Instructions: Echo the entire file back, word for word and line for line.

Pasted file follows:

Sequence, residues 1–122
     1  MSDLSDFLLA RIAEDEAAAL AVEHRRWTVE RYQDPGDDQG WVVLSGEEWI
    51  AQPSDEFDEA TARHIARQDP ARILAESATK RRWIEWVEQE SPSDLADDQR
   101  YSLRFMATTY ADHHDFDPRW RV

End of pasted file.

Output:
Sequence, residues 1–122
     1  MSDLSDFLLA RIAEDEAAAL AVEHRRWTVE RYQDPGDDQG WVVLSGEEWI
    51  AQPSDEFDEA TARHIARQDP ARILAESATK RRWIEWVEQE SPSDLADDQR
   101  YSLRFMATTY ADHHDFDPRW RV